Expanding the Brand
Over the past five years, the demand for a place to lay your head in Nashville—which is to say, the number of hotel rooms sold—has grown faster than in any other top 30 U.S. city, according to the Nashville Convention & Visitors Corp (NCVC). More than 15.2 million people visited Nashville in 2018, an increase of 4.8 percent over 2017. And a whopping 94 percent of those tourists reported that they plan to return.
The city’s skyline is dotted with construction cranes working to accommodate that demand. As of March this year, 926 new hotel rooms have opened so far (2,304 opened in 2018, 1,219 in 2017). Plus, another 4,517 are already in the construction pipeline.
Because Nashville is so powerfully associated with country and other genres of music, outsiders might assume that the surge in visitation is a result of the city’s pop culture popularity, fueled by a love of music or the ABC television hit Nashville. Businesses in healthcare, hospitality, retail and finance are moving to Nashville because they’re attracted to a community that offers a supportive business climate, a dynamic culture—not just music but art, food and more—and an excellent quality of life.
“Back in the 1980s and 1990s, the general perception of Nashville was very Hee Haw–hillbilly and limiting,” says Butch Spyridon, NCVC’s president and CEO, and one of the people who helped change that stereotype. “We just needed to tell the real story—we did not need to embellish. We are not afraid or embarrassed by who we are; we embrace it. Hopefully that makes people want to visit.”
Spyridon can tick off a seemingly never-ending list of businesses that have heard Nashville’s message. He reports that Loews Hotels, Warner Music and BMI may be headquartered in New York, but they have moved their back-of-house operations to Nashville in recent years.
Financial firm AllianceBernstein is relocating its headquarters from New York, in a $70 million deal expected to bring 1,050. “AB chose Nashville for its new corporate headquarters,” says Adam Sansiveri, “because we believe it is a vibrant and growing city committed to developing its infrastructure, supporting local businesses and attracting new talent.” The managing director and head of Nashville private client office for AllianceBernstein adds, “We were impressed not only with what Nashville is now but also with what we believe it will become.”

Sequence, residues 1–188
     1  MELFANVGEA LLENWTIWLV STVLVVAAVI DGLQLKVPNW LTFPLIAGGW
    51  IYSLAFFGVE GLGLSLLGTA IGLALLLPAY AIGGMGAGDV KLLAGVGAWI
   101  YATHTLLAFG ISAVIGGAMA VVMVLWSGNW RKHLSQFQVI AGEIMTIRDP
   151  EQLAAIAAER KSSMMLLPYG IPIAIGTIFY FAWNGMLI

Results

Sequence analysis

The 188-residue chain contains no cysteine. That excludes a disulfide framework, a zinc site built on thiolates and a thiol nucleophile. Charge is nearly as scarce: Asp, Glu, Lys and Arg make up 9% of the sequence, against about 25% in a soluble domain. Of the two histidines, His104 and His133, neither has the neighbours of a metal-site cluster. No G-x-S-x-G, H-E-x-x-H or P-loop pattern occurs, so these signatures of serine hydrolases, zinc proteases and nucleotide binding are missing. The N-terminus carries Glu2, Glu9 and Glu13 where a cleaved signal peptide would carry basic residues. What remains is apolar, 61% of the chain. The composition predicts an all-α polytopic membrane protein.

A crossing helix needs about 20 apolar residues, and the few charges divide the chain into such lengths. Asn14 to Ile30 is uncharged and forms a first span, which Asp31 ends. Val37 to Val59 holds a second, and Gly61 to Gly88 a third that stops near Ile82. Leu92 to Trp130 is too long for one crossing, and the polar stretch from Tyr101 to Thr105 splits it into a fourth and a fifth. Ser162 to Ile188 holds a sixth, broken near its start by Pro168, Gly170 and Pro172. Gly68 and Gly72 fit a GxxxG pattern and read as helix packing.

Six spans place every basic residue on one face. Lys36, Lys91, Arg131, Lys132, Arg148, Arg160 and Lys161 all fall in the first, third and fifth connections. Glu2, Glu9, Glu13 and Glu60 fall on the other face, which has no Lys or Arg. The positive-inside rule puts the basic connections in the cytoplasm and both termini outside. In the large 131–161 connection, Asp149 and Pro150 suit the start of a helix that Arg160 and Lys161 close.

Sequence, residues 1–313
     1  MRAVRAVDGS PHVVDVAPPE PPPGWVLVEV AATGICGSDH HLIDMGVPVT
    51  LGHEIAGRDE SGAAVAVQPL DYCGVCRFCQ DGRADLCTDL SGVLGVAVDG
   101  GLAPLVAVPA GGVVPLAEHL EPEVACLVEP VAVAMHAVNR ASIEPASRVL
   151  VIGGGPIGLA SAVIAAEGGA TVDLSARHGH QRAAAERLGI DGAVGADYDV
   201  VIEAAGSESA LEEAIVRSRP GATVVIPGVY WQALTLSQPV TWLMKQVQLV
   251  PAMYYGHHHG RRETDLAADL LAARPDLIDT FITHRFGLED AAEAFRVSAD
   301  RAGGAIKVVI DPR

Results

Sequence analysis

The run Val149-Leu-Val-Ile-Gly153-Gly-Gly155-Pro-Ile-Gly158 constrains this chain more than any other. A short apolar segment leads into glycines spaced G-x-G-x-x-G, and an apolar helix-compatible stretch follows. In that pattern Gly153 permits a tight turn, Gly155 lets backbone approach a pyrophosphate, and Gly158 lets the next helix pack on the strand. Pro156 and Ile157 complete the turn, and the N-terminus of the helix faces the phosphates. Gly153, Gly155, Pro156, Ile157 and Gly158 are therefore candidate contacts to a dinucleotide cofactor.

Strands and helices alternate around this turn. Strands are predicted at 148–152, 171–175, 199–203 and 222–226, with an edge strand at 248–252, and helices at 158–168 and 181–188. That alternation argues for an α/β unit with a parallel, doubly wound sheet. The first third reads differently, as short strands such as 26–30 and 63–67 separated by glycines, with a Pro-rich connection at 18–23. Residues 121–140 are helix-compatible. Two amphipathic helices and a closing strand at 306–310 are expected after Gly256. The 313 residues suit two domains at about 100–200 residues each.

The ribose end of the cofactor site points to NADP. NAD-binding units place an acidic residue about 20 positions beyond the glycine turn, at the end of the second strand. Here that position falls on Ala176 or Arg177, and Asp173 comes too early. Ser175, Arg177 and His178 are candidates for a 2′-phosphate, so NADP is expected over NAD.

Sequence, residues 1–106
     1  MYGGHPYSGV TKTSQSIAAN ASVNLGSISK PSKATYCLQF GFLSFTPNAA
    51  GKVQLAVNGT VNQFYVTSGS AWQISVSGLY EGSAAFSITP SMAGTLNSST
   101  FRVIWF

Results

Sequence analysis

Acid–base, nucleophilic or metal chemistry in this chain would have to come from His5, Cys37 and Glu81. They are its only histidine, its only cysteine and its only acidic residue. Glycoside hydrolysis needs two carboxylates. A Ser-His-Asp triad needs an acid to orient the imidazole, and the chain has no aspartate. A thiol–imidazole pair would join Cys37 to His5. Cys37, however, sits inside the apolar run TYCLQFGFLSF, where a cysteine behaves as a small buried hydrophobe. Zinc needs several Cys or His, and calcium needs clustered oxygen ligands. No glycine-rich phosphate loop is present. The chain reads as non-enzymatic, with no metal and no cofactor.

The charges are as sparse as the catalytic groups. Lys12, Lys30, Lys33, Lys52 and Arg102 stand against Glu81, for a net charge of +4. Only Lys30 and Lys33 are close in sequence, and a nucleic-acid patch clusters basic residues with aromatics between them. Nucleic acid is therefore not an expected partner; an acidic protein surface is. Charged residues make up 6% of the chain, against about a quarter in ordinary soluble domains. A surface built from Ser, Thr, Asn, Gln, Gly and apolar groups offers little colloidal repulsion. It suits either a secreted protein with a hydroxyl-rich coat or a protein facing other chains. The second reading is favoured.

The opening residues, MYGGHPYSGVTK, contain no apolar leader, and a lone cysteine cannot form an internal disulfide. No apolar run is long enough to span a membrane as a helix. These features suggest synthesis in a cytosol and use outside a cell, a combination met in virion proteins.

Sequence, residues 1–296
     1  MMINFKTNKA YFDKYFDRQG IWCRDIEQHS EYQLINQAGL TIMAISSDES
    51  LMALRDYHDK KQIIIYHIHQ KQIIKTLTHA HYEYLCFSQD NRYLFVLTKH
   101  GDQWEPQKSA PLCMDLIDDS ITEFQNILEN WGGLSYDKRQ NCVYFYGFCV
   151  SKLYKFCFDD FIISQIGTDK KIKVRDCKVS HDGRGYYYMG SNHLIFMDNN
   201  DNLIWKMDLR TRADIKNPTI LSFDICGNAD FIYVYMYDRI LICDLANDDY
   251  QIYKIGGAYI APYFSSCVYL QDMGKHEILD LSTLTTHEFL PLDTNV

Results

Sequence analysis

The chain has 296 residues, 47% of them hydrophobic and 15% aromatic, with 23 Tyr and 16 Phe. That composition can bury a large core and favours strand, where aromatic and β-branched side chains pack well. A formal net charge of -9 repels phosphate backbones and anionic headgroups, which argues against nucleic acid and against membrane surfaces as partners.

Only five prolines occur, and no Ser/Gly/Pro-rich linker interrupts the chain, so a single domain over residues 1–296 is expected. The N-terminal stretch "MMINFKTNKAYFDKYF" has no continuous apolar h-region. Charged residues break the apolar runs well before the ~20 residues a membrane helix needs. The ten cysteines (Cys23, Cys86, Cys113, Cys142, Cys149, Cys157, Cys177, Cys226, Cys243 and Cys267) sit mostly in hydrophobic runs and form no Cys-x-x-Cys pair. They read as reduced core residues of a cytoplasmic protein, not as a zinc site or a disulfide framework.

Online retailer Amazon selected Nashville for its new Operations Center of Excellence, adding 5,000 local jobs. And professional services giant EY is investing $20 million to build its EY EDGE center—for tax technology operations—in Nashville, creating 600 new jobs in the process. “EY has been a part of the Nashville community for more than 60 years, and we’ve seen the city blossom into an emerging tech hub,” says Doug Rohleder, managing partner at EY Nashville. “The business climate and focus of state and local officials are beneficial to growth in the area.”
Executives like Rohleder also cite the city’s young talent pool, as well as its quality of life and lack of state income tax, as some of the incentives for investing in Nashville’s future.
One of the highest-profile examples that Nashville is no longer viewed as “hillbilly” (Spyridon’s word) was when the National Football League chose it as the site of its April 2019 NFL Draft in what Spyridon calls “the largest event in the city’s history.”
Some of the reasons the NFL chose Nashville are tangible and practical: When the draft started going on the road after 51 years in New York, the league found it was most successful in cities where the festivities could take place in a walkable downtown. “We liked that the downtown shows the heartbeat of the city,” says Peter O’Reilly, executive vice president, Club Business and League Events for the NFL. “Nashville is a place where our fans want to go. It is where players wanting to get drafted want to go.”
Last March, the hometown Tennessee Titans hosted a downtown party to unveil their new uniforms—followed, in true Nashville style, with a free concert by country music stars Florida Georgia Line. The event showed the NFL and the world that fans will indeed turn out in Nashville for some fun.